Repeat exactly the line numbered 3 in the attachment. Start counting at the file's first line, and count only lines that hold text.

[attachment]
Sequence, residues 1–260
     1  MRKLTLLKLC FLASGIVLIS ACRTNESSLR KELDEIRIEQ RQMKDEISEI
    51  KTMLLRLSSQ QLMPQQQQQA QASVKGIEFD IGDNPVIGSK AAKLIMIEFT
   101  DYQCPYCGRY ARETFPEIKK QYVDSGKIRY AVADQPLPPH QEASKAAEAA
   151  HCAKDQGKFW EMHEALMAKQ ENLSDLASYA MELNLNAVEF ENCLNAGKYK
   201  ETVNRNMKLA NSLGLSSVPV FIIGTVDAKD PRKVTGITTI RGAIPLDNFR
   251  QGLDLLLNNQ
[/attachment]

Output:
    51  KTMLLRLSSQ QLMPQQQQQA QASVKGIEFD IGDNPVIGSK AAKLIMIEFT